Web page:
University Of Tasmania

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Modelling oceanic transport of planktonic species in the Southern Ocean

posted on 2023-05-28, 08:31 authored by Mori, M
The Southern Ocean ecosystem is unique on a global scale because of complex ocean dynamics (e.g. fronts, eddies and their interaction with topography), seasonal sea ice advance and retreat, and biochemical cycles relating to all these physical factors. These ecosystems have been a‚Äövú¬µected by climate change over at least the last three decades and the assessment and evaluation of these changes - both at present, and for the future - are urgently required tasks. A key element in understanding and managing Southern Ocean ecosystem change is a better understanding of the physical processes that influence oceanic transport and spatial patterns of recruitment. Simulation models provide a powerful approach to address questions regarding transport processes, including testing alternative theories and predicting conditions under future climate change scenarios. This thesis develops methods for dispersal modelling to investigate transport of larval - juvenile stages of two important species: Patagonian toothfish and Antarctic krill. These approaches treat larval - juvenile stages as passive particles whose transport by ocean currents can be modelled using Lagrangian particle tracking. Key datasets used to inform this work are: i) remotely sensed surface geostrophic velocity data, ii) ocean model output and iii) physical parameters such as oceanic front position, topography and sea ice concentration. This thesis is composed of general introduction (Chapter 1), three main dispersal modelling works (Chapter 2‚Äö-4) and discussion & conclusion (Chapter 5). The second chapter focuses on egg and larval transport of Patagonian toothfish on the Kerguelen Plateau, with results suggesting that successful spawning grounds and transport patterns are coincident with in situ observed data. The second and third chapters focus on Antarctic krill. In particular, Chapter 3 develops a biologically relevant measure of retention time and the results indicate a significant relationship between the length of retention time and observed krill population size. Here retention time is defined as the time that a particle remains in a particular region. Chapter 4 develops a model to test hypotheses for the formation of the observed phenomenon of surface krill patches. Such surface patches are composed mainly of young krill. Results from this chapter support the hypothesis that surfaces patches can form as a result of the release and transport of juvenile krill from the sea ice edge zone during spring and that the distribution of these patches may have shifted to the south due to reductions in sea ice extent over the last 80 years. The tools and methods developed in this thesis have broader applications for other biological particles and will be made available for use by other researchers as an R package.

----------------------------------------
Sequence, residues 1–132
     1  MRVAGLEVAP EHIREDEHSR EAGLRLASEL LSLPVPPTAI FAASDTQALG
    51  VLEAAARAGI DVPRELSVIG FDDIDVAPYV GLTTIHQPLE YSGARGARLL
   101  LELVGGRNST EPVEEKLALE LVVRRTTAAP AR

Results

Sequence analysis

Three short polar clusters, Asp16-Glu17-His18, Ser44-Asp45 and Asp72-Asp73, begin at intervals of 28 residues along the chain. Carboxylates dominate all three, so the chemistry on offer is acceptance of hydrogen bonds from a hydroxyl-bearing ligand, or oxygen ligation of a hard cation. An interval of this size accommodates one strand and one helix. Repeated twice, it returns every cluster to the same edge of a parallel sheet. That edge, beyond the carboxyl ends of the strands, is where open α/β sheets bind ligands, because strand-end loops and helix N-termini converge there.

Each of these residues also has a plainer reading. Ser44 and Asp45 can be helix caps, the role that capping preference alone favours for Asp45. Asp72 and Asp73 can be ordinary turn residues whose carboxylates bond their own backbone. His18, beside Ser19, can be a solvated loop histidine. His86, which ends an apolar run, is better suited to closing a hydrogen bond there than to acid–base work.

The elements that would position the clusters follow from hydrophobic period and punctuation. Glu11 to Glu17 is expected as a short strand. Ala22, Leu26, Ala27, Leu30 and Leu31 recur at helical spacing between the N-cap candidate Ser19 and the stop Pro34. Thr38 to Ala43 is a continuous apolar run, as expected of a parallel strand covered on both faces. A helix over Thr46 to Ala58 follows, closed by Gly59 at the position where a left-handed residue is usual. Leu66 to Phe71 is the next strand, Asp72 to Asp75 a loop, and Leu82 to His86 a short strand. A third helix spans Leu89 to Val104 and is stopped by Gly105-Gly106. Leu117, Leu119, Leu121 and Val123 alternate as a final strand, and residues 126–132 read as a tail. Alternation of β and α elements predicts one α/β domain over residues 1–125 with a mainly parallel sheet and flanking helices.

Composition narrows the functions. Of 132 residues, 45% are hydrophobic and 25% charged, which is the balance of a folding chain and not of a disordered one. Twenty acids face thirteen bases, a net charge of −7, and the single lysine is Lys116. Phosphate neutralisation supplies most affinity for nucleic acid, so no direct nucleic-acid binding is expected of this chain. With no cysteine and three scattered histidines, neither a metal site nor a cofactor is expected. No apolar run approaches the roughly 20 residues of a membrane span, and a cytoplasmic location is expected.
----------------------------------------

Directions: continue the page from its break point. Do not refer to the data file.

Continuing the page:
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Copyright 2018 the author Chapter 2 appears to be the equivalent of a post-print version of an article published as: Mori, M., Corney, S. P., Melbourne-Thomas, J., Welsford, D. C., Klocker, A., Ziegler, P. E., 2016. Using satellite altimetry to inform hypotheses of transport of early life stage of Patagonian toothfish on the Kerguelen Plateau, Ecological modelling, 340, 45‚Äö-56 Chapter 3 appears to be the equivalent of a post-print version of an article published as: Mori, M., Corney, S. P., Melbourne-Thomas, J., Klocker, A., Sumner, M., Constable, A., 2017. A biologically relevant method for considering patterns of oceanic retention in the Southern Ocean, Progress in oceanography, 159, 1‚Äö-12 Chapter 4 appears to be the equivalent of a post-print version of an article published as: Mori, M., Corney, S. P., Melbourne-Thomas, J., Klocker, A., Kawaguchi, S., Constable, A., Sumner, M., 2019. Modelling dispersal of juvenile krill released from the Antarctic ice edge: ecosystem implications of ocean movement, Journal of marine systems, 189, 50‚Äö-61

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